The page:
Home » AI could displace up to 8 million jobs in the UK

AI could displace up to 8 million jobs in the UK

A new study into the impacts of AI suggests that some 8 million jobs in the UK could be displaced by the impacts of the technology. While CEO roles are somehow untouched by this, the report suggests that redistributive economic policies may be necessary to maintain social cohesion, following the large-scale loss of most roles outside manual labourers, AI-proofers, and technical specialists.

With scrutiny into the pay of top executives once again creeping into the news, it is conspicuous how little is being said of the ability of artificial intelligence to replace chief executive officers. The most expensive member of a firm’s staff is often the one whose impacts on a company are most difficult to quantify – and a number of CEOs are increasingly conscious that the jig may be up. To that end, a poll by edX in late 2023 found that close to half of CEOs in the US were now worried that AI could soon take their jobs.

Just as they might be losing sleep, however, a new study in the UK has sought to give the corporate world’s best paid under-performers peace of mind. According to the Institute for Public Policy Research (IPPR), while some 8 million jobs in the UK could be euphemistically ‘displaced’ by AI in the coming period, CEOs were among the group which could expect close to no disruption. And that without redistributive government intervention, they could end up sitting on top of an even larger mound of money than before.

Source: IPPR analysis of ONET (2023) and ONS (2023)

Alongside CEOs, the IPPR also asserted that hire services managers and proprietors, directors in consultancy services, and information technology directors also had no exposure to automation by GPT4 (the current generation of AI). This means that the researchers concluded CEOs and top-brass across a number of other business segments have as many automatable tasks as aircraft pilots, and specialist medical practitioners.

So where are the 8 million job cuts going to come from? According to IPPR – and many other professional services firms before the think-tank – a big chunk of it will be non-repetitive cognitive and analytical tasks.

Making up about 20% of the tasks worked in the UK economy, things like journalism, fiction writing, and illustration, face around an 8% ‘exposure’ to losing work to current generation generative AI – rising to 72% when factoring in ‘integrated AI’. Similarly, organisational and strategy tasks – middle-management roles – are 78% automatable in the long-term, while repetitive cognitive and analytical tasks (administration often given to entry-level employees beginning their careers at consulting firms, for example) could see a 70% exposure.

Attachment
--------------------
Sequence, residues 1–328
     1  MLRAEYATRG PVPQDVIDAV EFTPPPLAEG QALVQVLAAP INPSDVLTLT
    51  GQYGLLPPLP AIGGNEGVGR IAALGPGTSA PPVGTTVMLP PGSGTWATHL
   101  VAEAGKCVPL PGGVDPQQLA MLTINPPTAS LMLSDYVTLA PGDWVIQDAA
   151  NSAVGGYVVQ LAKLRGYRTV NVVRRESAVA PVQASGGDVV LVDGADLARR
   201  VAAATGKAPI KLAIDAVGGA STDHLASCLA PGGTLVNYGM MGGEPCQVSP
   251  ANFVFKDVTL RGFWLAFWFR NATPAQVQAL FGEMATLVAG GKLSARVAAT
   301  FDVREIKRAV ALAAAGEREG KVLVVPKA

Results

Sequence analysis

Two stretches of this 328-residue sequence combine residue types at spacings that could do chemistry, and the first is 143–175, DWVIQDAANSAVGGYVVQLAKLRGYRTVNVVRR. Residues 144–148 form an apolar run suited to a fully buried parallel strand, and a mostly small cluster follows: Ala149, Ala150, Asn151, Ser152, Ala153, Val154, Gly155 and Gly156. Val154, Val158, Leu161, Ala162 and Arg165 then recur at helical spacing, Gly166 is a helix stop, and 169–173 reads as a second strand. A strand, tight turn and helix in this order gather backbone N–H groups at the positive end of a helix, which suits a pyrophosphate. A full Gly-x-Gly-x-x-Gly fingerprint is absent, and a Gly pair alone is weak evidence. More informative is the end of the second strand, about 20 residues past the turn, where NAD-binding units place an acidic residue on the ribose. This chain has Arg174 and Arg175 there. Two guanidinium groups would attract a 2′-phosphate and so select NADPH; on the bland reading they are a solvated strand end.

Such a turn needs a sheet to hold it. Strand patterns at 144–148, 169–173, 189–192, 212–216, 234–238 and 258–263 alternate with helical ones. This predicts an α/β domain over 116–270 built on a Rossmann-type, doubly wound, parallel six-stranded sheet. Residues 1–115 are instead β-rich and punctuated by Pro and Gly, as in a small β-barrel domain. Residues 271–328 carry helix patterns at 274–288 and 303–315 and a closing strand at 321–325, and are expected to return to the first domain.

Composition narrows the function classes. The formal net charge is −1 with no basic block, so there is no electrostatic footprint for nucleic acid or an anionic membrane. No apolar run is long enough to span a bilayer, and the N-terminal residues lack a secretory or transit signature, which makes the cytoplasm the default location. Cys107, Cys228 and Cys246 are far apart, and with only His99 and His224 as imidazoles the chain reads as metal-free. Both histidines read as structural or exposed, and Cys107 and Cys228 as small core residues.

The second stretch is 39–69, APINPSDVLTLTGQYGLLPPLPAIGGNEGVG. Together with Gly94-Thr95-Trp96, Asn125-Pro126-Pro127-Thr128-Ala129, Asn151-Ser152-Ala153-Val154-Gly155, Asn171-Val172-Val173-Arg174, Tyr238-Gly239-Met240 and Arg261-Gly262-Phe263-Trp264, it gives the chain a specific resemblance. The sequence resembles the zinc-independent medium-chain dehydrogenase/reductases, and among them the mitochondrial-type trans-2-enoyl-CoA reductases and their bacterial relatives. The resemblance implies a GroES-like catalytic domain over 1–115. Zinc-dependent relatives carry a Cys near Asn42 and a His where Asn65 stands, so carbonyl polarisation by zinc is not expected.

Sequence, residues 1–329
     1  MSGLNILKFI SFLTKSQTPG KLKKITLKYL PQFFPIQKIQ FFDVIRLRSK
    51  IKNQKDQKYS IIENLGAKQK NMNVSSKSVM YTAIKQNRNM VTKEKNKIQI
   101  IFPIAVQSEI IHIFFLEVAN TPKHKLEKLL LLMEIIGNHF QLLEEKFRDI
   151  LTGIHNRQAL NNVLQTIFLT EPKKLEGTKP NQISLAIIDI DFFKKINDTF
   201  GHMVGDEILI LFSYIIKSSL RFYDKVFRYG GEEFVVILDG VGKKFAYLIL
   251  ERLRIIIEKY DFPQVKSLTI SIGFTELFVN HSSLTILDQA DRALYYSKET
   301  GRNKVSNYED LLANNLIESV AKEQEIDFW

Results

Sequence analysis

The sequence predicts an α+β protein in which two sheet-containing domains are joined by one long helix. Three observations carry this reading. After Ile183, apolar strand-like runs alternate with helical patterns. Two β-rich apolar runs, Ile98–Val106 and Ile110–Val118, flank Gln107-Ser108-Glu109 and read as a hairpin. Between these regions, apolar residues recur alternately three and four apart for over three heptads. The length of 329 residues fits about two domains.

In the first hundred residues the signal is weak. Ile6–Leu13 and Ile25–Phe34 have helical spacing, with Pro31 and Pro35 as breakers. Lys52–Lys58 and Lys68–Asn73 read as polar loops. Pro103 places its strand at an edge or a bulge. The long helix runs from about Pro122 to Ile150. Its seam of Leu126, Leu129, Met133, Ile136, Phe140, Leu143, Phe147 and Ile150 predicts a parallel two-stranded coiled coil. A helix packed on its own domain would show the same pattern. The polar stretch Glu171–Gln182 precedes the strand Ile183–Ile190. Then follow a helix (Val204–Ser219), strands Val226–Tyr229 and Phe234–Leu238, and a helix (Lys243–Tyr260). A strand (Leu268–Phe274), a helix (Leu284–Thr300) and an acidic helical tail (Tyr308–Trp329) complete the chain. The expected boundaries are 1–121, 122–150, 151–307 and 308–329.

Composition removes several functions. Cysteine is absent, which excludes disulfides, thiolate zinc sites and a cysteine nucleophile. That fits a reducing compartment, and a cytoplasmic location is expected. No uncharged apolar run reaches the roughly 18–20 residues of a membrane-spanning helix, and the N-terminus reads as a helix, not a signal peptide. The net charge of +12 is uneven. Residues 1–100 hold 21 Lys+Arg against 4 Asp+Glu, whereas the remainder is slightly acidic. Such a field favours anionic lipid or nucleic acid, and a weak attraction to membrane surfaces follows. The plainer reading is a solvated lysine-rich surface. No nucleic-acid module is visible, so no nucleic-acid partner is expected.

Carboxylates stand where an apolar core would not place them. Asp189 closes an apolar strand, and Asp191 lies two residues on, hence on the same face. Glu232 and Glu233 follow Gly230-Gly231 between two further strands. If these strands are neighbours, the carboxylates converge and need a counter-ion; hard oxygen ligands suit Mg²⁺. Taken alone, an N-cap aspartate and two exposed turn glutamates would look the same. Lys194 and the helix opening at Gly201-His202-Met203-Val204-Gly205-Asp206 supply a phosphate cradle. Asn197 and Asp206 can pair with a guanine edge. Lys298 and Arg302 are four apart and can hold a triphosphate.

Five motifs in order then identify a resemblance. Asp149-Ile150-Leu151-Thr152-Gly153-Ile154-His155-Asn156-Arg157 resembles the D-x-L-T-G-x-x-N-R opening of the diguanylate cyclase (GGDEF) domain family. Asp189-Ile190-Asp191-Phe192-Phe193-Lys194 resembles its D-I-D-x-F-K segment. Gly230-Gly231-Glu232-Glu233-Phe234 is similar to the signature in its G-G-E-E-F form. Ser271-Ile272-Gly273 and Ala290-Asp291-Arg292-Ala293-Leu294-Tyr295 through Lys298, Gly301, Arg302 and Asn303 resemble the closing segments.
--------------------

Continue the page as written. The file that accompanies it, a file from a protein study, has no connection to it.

AI could displace up to 8 million jobs in the UK

Source: IPPR analysis of ONET (2023) and ONS (2023)

What will be left will be manual operational and technical tasks (which could face 10% exposure to integrated AI), and interpersonal communications tasks (facing a 40% long-term threat). So, the workforce of tomorrow may well be split solely between manual labour, or call-centre work – if the IPPR is correct – as well as some AI-heavy forms of those former roles, in which human labour simply helps proof-read the content AI churns out.

Of course, the findings might be taken with a pinch of salt. Putting its most apocalyptic predictions in terms of ‘integrated AI’ essentially means these changes would unfold under a form of the technology that few employers are even capable of realising yet. In the intervening period, however, the IPPR has suggested that if the market is left to shift AI in a direction that ‘re-aligns’ the workforce away from mid-salary creative roles and into a shrinking number of AI-centred clicking operations or manual labour, if they expect to maintain social cohesion, governments will need to look into mechanisms beyond the usually touted option of educating the workforce to fit into the new order.

The report concludes that while there are “potentially large gains from the deployment of generative AI” – as much as 12% boost to GDP in the ‘integrated’ AI scenario, there is “no guarantee that these will be equally shared”. As a result, the researchers echo OpenAI CEO Sam Altman, who “called for a wealth tax” which might redistribute the wealth created to those displaced by the technological changes. At the same time, then, they added that “social security assistance might also have to evolve in order to help attenuate any disruptive effects that might occur from fast or unexpectedly large labour market impacts of generative AI.”